A few well-deserved ‘thank you’ notes
In last week’s Methow Valley News editorial, in response to the recent passing of well-loved community members, Don Nelson stated that “Being memorialized is a wonderful thing. Being appreciated in the moment is even better.”
In this spirit, I wish to give long overdue thanks to four living individuals for their contributions to our welfare.
First, I want to thank Ken Westman for his years of public service and the many untold acts of kindness he continues to carry forward. Years ago, Ken heard that I was in need of funding to carry out stream studies with my Brewster sixth-grade class, mostly first generation immigrants from Mexico. More than the needed amount of funding quickly materialized.
Grants followed, with Ken’s money used as matching funds, and eventually a self-sustaining, yearly four-day sixth-grade camp in Conconully and the Sinlahekin evolved. It continues to this day. Ken’s typical concern for those in need, outside the valley and his own neighborhood this time, influenced children who may never otherwise have had first-hand outdoor experience with their curriculum on populations and ecosystems.
Next, there is little public recognition from those of us who appreciate the present day peace and beauty of the Upper Methow that without the work of Lee Bernheisel and Lucy Reid, we would now undoubtedly have a too-large golf and real estate development across from the current Wilson Ranch at Early Winters.
Thanks to their painstaking work in examining each water right in the affected area, and in spite of two unsuccessful attempts by an environmental group to cut off their legal representation, their successful lawsuit made clear that the water claimed by the owners of this proposed resort was not truly owned by the proponents. Due to their persistence, we now have a small and more appropriate resort at Wilson Ranch and a few homes with conservation easements on the adjacent larger property, previously called Arrowleaf. In addition, the water that could have been illegally consumed by the resort may now possibly become available in the future for legitimate and badly needed down-valley uses.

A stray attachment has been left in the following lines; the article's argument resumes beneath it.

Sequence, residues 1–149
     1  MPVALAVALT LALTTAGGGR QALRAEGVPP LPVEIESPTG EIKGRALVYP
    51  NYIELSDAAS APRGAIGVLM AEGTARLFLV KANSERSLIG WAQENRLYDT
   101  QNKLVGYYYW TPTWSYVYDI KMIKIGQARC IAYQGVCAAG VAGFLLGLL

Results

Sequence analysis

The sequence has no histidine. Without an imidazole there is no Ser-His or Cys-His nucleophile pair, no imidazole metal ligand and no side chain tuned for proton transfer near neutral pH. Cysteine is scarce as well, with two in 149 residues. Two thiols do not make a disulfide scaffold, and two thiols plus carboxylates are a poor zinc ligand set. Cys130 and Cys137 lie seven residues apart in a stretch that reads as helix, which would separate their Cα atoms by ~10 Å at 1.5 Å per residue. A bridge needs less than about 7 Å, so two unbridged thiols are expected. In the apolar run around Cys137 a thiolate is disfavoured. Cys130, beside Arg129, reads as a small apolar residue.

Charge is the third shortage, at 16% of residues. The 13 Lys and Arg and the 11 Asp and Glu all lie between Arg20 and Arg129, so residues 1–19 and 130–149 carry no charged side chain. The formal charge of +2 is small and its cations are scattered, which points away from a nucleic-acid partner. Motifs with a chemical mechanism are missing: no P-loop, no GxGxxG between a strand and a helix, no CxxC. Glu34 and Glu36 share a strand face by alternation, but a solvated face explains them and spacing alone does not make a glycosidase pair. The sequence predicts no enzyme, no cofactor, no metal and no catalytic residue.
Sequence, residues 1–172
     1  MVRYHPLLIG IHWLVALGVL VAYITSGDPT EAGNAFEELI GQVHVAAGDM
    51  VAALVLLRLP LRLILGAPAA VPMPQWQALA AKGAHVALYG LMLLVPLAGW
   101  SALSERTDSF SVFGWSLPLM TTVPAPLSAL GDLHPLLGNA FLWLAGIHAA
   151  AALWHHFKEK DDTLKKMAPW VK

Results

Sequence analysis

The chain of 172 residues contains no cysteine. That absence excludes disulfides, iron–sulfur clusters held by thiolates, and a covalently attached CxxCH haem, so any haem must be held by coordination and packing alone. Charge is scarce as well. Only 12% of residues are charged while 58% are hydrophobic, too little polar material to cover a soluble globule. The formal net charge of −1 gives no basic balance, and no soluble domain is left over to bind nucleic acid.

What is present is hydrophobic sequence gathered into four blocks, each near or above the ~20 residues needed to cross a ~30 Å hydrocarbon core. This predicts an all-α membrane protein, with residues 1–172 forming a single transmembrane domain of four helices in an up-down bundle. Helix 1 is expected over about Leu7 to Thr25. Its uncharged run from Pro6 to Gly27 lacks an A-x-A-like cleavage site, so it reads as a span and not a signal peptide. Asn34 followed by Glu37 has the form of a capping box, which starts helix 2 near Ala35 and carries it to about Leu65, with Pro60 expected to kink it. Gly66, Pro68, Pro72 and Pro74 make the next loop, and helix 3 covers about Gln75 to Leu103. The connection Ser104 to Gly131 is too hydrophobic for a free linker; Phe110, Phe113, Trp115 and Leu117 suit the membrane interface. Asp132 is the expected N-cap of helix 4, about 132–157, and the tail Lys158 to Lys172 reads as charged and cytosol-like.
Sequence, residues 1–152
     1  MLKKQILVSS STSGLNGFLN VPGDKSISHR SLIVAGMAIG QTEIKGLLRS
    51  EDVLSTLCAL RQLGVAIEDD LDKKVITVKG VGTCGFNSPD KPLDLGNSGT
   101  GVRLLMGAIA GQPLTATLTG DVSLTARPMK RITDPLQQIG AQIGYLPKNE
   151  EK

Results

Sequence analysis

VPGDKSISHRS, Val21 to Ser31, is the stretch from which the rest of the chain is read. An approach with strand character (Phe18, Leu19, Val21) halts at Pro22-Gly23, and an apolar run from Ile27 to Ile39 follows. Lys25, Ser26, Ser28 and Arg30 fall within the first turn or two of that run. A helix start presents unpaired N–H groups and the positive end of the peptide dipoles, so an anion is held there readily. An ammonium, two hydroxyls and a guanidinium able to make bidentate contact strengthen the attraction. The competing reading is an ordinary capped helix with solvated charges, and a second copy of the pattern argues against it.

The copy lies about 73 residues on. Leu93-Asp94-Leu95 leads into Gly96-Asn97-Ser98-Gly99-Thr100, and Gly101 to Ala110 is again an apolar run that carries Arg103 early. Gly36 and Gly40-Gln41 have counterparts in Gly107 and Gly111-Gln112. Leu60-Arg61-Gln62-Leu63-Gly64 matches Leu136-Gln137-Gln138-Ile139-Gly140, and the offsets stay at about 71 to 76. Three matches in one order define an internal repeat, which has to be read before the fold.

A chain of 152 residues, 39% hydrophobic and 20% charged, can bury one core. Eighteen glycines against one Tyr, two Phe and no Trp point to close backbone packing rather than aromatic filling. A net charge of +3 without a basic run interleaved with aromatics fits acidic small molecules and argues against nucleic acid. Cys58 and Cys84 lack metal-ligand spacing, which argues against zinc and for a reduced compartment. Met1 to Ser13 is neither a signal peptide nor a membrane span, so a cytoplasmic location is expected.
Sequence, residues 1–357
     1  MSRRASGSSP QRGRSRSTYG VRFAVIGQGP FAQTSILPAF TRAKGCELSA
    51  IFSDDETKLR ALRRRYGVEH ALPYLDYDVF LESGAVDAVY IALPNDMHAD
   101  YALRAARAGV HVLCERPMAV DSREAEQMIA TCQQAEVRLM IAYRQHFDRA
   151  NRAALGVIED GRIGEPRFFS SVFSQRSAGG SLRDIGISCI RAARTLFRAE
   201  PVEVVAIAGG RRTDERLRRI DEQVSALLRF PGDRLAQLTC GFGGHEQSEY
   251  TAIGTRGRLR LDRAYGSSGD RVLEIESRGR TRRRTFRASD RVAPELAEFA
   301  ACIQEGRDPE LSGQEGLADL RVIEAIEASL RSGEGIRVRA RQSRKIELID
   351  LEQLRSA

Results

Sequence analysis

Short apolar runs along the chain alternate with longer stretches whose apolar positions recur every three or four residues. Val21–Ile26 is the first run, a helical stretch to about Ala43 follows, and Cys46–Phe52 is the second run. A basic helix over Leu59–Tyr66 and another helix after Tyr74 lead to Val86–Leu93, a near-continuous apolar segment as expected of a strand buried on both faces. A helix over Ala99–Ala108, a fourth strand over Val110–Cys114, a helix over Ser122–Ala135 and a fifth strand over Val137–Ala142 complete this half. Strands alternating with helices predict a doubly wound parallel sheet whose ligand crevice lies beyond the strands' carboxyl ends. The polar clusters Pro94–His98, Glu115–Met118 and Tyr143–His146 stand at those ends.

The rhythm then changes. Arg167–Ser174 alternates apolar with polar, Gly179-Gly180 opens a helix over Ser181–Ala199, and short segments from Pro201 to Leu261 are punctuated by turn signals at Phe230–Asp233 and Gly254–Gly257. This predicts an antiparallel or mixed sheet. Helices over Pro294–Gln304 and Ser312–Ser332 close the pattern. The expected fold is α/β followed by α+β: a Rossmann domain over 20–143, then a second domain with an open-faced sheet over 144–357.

Finally, in the spirit of credit where credit is due, Jim Doran should be recognized and thanked for an important act while he was president of the Methow Valley Citizens’ Council many years ago. During negotiations with the Merrill Corporation over the same resort, Jim became convinced that a donation from that corporation towards environmental learning and sensitivity could legitimately be expected. Merrill agreed, and Jim convened the first meeting of about 20 valley individuals to help form a group that would be non-politically oriented and would promote sensitivity to the environment.
Upon demise of the larger resort, that promise of funding was still honored by the Merrill Corporation and followed a winding course, ultimately becoming the seed money for the Methow Conservancy.
My thanks goes to all four of these people, who deserve recognition and thanks from all of us for the importance of their deeds to the future of the Methow Valley and beyond.
Isabelle Spohn lives in Twisp.